Authors · Writing

The Word Master: Aimee Bender

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Photo by Max S. Gerber

Aimee Bender’s use of magical realism first got me hooked back in 2006. While I never would have picked up her short story collection on my own, I was grateful a college professor required it for a literature class. Bender’s skillful language and playful settings come together to create a delightful break from reality. Her most recent collection, The Color Master, doesn’t disappoint.

In the title piece, the narrator’s insecurity leads readers to ask ourselves: How can we be good, better, the best? Can we actually be the best, or do we leave that to someone else?  The process of mastering color is like any art form. One must know the fundamentals, identify basic colors, know how they can and cannot work together, and then break the rules to get something so unique and profound. One can then become a master. We are all potential masters.

This is what creating art is about. As writers and artists, we strive to create something unique, melding together words, but not just any words, our words, for our story and our truths, and in the end, the artist lets go and it becomes someone else’s, the consumer of art, to make it theirs to create their own story and meaning. “Color does not exist alone” just like words or stories cannot exist alone. It is what readers bring with them that makes it come alive or die alone. Undeniably, though, Bender gives readers thought-provoking prose with a dash of magic.

 

Christina Berke: I grew up loving the library and reading all the time, but there was a period that I stopped reading. Your collection, The Girl in the Flammable Skirt, really woke me up and got me to fall back in love with literature again. What have you read lately (or any classics) that has reinvigorated you as a reader? How do you usually decide what to read next?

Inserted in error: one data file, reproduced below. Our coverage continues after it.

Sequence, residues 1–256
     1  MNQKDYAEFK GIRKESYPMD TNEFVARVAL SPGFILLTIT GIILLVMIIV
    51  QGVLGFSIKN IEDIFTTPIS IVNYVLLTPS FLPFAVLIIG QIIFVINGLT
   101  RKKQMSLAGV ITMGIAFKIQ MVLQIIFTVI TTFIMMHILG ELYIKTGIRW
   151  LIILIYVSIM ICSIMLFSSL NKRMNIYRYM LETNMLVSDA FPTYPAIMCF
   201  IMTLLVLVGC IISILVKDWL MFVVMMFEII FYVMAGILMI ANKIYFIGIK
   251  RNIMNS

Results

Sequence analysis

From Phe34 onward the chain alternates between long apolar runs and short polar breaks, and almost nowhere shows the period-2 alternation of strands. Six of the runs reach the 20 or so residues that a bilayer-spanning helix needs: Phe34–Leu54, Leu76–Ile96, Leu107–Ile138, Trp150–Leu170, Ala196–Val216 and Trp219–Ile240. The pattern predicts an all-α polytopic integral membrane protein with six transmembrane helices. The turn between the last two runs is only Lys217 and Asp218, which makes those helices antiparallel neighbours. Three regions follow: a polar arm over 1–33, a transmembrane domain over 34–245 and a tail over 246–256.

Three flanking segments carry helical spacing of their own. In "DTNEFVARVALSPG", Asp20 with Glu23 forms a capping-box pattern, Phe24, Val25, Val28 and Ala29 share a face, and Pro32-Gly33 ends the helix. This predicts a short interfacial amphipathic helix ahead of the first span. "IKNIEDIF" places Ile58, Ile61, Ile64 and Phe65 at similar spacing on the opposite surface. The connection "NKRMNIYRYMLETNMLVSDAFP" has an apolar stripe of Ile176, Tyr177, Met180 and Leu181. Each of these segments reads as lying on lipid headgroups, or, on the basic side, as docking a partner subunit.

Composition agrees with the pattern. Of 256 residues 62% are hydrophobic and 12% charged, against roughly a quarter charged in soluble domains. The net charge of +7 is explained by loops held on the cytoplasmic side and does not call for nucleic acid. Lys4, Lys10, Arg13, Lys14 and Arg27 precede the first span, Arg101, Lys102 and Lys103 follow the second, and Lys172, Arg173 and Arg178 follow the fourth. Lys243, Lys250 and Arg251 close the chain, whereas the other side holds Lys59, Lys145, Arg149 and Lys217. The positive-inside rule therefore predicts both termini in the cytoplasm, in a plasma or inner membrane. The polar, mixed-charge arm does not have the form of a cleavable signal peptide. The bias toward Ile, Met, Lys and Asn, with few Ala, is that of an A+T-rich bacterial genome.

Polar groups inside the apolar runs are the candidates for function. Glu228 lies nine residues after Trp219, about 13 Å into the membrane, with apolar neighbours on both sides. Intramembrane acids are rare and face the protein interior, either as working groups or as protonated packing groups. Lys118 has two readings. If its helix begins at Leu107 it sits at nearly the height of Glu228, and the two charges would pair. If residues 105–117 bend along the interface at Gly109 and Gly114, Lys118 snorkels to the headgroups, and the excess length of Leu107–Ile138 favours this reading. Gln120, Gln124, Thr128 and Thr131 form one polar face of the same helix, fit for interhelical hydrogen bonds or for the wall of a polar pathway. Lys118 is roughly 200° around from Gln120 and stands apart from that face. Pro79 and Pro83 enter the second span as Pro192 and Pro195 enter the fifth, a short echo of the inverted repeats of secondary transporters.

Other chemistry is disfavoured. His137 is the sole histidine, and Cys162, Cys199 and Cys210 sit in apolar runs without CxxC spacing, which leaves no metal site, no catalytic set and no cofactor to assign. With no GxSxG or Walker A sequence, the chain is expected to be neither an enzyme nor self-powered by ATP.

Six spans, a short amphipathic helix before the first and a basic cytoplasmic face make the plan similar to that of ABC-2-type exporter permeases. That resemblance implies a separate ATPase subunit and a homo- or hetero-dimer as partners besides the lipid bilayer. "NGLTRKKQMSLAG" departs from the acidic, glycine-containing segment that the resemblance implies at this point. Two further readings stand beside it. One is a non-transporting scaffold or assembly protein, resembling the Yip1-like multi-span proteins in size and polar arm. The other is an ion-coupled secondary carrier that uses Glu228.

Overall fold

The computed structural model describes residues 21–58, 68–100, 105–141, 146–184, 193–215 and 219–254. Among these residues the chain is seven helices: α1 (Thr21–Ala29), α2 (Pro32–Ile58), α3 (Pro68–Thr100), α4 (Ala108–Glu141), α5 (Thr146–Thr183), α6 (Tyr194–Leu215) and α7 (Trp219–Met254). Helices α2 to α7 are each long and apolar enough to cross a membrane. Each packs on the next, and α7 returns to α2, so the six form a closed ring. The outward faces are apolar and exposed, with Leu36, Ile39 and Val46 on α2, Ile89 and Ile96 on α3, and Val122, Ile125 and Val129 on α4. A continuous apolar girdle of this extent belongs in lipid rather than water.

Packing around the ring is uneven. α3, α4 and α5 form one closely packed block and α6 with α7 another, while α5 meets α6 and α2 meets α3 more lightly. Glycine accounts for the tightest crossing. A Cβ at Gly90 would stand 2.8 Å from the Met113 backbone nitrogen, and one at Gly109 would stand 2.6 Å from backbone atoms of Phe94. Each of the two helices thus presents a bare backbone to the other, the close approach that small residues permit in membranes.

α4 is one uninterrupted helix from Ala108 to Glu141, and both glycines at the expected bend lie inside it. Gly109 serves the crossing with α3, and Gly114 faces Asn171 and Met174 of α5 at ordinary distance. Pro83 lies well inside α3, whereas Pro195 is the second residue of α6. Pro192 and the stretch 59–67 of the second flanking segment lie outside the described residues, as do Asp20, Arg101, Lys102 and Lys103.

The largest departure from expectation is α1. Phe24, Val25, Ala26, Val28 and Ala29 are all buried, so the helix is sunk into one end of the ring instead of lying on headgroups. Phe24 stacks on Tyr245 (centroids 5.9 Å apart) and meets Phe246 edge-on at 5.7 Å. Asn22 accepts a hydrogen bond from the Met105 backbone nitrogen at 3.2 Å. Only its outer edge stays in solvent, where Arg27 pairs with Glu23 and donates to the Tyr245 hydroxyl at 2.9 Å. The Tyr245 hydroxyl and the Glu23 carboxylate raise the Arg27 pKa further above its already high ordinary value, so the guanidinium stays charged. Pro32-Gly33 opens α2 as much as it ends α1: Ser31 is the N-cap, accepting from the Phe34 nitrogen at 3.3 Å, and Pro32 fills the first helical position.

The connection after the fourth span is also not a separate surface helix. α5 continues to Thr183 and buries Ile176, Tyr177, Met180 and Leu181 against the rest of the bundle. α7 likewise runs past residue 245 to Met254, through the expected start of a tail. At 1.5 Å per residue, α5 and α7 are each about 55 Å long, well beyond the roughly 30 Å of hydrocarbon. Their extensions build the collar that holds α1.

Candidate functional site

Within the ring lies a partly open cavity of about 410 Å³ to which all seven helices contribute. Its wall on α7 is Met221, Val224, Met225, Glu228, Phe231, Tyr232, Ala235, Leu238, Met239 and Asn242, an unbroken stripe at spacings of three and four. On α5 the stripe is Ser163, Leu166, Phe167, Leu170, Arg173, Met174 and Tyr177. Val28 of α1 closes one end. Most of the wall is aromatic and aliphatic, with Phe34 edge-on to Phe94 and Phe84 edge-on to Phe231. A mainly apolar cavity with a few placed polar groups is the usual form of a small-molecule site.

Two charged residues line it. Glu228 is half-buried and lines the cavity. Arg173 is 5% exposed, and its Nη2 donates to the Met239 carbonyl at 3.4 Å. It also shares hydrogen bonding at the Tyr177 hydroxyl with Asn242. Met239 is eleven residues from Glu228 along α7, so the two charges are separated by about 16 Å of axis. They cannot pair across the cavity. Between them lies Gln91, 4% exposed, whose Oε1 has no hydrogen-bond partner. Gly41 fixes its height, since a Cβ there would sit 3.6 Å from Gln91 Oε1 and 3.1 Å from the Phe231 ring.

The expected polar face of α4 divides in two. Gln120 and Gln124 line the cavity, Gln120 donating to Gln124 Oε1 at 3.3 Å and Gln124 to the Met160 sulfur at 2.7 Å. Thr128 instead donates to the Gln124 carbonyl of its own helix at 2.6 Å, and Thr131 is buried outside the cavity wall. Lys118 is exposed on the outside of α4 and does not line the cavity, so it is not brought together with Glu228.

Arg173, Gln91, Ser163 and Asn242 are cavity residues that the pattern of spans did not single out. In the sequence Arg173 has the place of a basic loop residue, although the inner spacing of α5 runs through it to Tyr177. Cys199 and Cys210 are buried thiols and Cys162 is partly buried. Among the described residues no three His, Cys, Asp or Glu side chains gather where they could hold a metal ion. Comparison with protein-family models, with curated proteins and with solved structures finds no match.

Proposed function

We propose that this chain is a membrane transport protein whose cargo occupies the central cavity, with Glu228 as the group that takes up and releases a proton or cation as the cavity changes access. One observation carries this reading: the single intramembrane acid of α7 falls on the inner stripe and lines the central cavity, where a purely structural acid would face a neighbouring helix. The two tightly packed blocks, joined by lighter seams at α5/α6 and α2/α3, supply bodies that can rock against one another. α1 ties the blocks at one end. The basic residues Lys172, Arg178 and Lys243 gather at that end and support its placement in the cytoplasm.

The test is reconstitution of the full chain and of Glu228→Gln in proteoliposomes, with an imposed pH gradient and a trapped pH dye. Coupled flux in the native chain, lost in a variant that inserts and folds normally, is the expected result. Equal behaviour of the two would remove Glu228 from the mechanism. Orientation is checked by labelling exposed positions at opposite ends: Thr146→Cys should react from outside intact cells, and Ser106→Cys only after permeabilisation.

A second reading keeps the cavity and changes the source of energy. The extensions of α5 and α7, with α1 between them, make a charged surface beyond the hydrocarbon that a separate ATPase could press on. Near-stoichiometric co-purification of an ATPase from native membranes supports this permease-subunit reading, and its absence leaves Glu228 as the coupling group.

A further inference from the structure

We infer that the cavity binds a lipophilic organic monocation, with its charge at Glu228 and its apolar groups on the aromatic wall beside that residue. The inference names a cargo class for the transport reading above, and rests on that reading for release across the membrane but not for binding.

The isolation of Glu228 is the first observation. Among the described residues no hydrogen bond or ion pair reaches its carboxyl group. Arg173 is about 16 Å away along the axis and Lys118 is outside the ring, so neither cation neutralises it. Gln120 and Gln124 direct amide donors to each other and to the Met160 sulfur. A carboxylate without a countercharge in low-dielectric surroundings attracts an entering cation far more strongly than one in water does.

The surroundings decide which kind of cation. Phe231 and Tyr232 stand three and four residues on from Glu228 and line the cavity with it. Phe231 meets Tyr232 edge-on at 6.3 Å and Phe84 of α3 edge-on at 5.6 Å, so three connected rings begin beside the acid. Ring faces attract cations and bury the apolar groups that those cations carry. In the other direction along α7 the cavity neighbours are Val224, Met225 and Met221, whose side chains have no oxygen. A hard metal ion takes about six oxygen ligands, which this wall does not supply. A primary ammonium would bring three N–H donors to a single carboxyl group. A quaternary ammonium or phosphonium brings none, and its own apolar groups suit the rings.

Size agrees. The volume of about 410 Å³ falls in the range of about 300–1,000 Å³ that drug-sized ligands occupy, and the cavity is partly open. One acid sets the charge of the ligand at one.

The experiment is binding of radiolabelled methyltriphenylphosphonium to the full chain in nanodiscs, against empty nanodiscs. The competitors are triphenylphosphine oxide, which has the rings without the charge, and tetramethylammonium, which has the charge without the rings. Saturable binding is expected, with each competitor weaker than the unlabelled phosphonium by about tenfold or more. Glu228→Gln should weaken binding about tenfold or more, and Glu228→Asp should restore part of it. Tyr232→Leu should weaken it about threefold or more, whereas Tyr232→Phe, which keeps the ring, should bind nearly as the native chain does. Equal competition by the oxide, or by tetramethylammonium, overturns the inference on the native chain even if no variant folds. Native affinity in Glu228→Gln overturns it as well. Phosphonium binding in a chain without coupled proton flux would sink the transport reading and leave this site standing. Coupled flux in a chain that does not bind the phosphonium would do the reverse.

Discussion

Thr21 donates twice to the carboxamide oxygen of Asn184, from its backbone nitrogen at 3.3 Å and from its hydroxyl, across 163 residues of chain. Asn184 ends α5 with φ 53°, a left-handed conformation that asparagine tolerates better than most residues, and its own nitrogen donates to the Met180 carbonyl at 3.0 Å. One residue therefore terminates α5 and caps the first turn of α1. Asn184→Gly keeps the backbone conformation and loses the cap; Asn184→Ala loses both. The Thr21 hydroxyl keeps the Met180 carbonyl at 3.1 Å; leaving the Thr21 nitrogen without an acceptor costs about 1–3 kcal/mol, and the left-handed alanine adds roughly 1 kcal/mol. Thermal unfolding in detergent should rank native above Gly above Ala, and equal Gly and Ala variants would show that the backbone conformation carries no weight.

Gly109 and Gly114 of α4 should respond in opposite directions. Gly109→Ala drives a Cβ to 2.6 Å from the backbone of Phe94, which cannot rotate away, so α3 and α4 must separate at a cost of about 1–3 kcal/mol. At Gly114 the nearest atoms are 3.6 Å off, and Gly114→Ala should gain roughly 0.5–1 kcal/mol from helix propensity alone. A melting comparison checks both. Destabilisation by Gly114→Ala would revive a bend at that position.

Aimee Bender: Thank you! Makes me very happy to hear that. I too have had periods where I’ve stopped reading and needing something to lead me back in—Calvino was that for me at one point, and Lynda Barry, and recently I’ve been courting the short novel and so many of them are so exciting—just loved Train Dreams, and A Sport and a Pastime, and Outline, and The First Bad Man.

About what to read next—it’s a lot of opening up and closing and opening up, seeing if it’s the right fit for right then.

CB: In your interview with Guernica, you discuss nature vs. nurture. What was your life like growing up (in terms of your relationship with books— perhaps, in particular, fairy tales—and language), and how much of your writing/ word choices come naturally during your writing process? Do you often use a thesaurus? 

AB: I do like a thesaurus, but as something fun to try out, a hat to wear. Otherwise I associate one with high school paper writing which is the driest prose I know. Growing up, I read fairy tales almost constantly and reread a lot which I think cemented them in my mind, and also put the words in me, so they are often right there ready to be used: queen, castle, third, treasure, etc.

CB: Can you give some background on your journey on becoming a well-established writer (and professor)? Did you always write fiction? Was there a clear point when you knew this is what you wanted to do, or was there anyone in particular who encouraged you to write?

AB: I always loved it but it was hard to take it seriously. So I would do it and then worry the rest of the time about what I might do as a job. I had many encouraging teachers, and my sister was writing fiction and so that was both exciting as a role model and also daunting because I felt it was her territory and so I, as many siblings do, figured it was out of bounds. I would call it a tentative process that gradually accrued some umph.